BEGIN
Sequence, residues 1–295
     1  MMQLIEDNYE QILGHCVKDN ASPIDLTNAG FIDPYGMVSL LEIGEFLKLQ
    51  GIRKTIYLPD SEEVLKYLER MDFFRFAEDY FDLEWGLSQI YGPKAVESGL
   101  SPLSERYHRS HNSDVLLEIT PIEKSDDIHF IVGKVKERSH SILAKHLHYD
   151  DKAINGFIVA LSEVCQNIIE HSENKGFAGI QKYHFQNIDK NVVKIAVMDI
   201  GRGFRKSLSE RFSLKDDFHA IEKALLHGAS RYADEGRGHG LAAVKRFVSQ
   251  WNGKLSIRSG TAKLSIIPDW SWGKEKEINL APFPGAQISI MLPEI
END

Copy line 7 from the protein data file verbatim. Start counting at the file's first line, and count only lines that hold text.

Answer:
   251  WNGKLSIRSG TAKLSIIPDW SWGKEKEINL APFPGAQISI MLPEI